What I do a lot of is email myself at work email for important things, that way I do tend to take those 5 mins to make calls that otherwise wouldn't get made.

#30 iwanttosleepin

Posted 12 October 2019 - 08:59 PM

I write the really important stuff on the back of my hand....I have iPhone lists, calendars etc but the hand list works best.

#31 petal71

Posted 12 October 2019 - 09:07 PM

So true about the hand list!! I always feel like I'm back at school, but it works as you see it all the time!

#32 Chaotic Pogo

Posted 12 October 2019 - 09:10 PM

I use Michael Linenbergers Mind Your Now system, with a dose of David Allen’s system alongside, in a task management app on my phone.  There’s a free version of the book available.

https://www.michaell...enberger.com/

One key thing is to write down an actual next action to take, how long it should take (5 mins, 30 mins etc) and the info needed to do it.
‘Cooktop’ is a reminder. ‘Fix cooktop’ isn’t actionable by you.
‘5 mins call bobs electrics on 1234 4567 book time cooktop’ is something you can just do. The working it out part was already one. (Who to call, finding the number)
If you don’t know who to call, the action is ‘10 mins google local electrician that does cooktops’ or ‘20 mins phone mum who is her electrician’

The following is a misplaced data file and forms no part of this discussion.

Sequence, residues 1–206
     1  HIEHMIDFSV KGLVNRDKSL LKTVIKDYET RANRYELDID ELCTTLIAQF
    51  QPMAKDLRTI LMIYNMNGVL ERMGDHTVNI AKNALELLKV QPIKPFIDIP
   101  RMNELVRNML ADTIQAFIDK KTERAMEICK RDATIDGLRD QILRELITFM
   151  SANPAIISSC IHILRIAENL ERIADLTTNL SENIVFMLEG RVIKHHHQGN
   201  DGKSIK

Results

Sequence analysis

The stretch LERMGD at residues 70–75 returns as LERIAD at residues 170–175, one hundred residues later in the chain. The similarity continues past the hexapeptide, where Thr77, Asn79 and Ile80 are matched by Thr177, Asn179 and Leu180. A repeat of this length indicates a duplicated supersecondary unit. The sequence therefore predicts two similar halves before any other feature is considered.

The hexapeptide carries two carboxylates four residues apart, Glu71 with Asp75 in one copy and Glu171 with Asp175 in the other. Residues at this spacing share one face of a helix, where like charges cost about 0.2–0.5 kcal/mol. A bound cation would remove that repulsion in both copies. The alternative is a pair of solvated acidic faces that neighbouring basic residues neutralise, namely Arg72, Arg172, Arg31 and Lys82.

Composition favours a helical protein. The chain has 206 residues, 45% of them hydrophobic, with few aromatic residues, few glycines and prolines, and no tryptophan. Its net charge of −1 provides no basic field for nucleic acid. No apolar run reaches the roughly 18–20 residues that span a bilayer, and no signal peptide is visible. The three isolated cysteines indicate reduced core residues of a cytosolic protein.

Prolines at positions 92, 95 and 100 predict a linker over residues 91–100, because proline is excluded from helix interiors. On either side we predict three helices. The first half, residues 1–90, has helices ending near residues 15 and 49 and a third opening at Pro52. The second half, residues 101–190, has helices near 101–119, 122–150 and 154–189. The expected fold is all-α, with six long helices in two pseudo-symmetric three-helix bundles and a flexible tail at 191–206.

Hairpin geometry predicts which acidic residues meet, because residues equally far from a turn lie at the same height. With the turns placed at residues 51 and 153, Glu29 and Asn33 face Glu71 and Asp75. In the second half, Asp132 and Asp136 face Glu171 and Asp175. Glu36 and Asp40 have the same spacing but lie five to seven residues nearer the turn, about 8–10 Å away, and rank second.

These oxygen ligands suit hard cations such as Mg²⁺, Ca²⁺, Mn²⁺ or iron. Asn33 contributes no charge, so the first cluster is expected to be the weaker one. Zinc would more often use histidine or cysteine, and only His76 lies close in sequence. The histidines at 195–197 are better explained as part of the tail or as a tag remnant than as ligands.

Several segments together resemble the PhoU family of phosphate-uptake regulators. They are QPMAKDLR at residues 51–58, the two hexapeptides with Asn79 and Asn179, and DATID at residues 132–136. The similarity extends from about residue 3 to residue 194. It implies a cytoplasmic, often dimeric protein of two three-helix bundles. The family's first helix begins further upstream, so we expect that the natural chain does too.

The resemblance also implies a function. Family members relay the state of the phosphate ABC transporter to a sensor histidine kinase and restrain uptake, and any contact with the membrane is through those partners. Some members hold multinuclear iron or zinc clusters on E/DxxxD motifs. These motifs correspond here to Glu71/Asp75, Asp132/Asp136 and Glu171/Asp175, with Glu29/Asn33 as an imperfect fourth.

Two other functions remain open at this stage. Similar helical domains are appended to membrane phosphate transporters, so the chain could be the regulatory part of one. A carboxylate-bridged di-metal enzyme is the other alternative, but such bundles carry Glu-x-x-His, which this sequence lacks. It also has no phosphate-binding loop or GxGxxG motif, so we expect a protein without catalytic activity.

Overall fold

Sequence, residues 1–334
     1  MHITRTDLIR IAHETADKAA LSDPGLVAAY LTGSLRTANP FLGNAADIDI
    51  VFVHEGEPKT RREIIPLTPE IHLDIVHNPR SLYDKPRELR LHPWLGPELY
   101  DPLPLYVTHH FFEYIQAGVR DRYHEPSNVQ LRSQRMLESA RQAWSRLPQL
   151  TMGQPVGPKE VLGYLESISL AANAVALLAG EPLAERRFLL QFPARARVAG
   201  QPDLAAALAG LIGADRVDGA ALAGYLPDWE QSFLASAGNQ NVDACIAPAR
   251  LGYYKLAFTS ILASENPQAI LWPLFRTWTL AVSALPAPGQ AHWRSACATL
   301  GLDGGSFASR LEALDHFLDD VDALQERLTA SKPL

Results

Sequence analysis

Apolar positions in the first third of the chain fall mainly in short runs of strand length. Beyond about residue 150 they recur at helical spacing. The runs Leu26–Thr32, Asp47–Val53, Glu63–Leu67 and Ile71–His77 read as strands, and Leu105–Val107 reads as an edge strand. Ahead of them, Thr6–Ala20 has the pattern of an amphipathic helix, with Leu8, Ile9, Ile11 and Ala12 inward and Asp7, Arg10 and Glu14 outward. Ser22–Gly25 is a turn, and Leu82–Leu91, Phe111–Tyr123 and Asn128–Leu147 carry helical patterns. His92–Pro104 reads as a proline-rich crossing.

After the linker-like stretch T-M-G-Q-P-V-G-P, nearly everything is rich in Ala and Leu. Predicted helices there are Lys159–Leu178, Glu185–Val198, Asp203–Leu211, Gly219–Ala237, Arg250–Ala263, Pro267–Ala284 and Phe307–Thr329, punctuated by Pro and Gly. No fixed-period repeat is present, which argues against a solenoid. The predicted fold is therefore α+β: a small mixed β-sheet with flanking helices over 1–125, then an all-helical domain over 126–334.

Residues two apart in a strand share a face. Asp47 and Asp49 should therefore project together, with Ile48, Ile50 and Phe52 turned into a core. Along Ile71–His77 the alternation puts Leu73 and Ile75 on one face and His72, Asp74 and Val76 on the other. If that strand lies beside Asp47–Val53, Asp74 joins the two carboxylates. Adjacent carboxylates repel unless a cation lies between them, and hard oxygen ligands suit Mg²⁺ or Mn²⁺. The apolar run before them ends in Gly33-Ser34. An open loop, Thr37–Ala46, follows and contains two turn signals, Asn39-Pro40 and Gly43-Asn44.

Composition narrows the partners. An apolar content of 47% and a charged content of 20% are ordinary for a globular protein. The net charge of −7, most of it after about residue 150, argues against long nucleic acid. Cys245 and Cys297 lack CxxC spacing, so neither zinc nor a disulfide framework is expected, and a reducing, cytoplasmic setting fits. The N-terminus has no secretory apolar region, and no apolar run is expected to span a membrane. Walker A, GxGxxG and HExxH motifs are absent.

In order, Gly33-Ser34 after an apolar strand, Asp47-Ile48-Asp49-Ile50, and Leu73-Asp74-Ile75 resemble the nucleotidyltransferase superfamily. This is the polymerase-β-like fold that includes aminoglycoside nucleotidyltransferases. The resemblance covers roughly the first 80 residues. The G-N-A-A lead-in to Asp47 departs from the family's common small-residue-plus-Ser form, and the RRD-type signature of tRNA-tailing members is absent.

#33 Ivy Ivy

Posted 12 October 2019 - 09:17 PM

I don't write lists bar a shopping list bluetacked up near the panty which everyone adds to.  I'm wondering what tasks are on PPs lists and whether I'm missing important household task management .... probably.

Social events and medical etc appointments get written onto a big paper wall calendar in the kitchen, as do "wear PE uniform today", "take violin Tuesdays" type regular kid-school reminders.  

Perhaps I forget a lot of tasks?  Not sure, but there aren't significant negative consequences, so it's probably all okay.

#34 WannabeMasterchef

Posted 12 October 2019 - 10:18 PM

Oh another thing Im going to start doing personally - Im planning to learn one new thing every day related to my field of employment so that I can feel like I'm 'in the loop' when I go back to work. Ive been pulling myself away from EB to read more tech articles online.  (must.break.EB. addiction!  LOL)

#35 ExpatInAsia

Posted 12 October 2019 - 10:19 PM

The more senior I get the more I realized I can’t carry the mental load. I also realized DH needs to do more beyond what I ask him to do and start sharing the mental load.

It took a few tantrums ( from me) for DH to re-evaluate he was not doing enough. I don’t believe men are crap at doing this. I think they are smart, realize carrying the mental load is tedious and boring and happily let the women in their life do it until they are pushed to do so.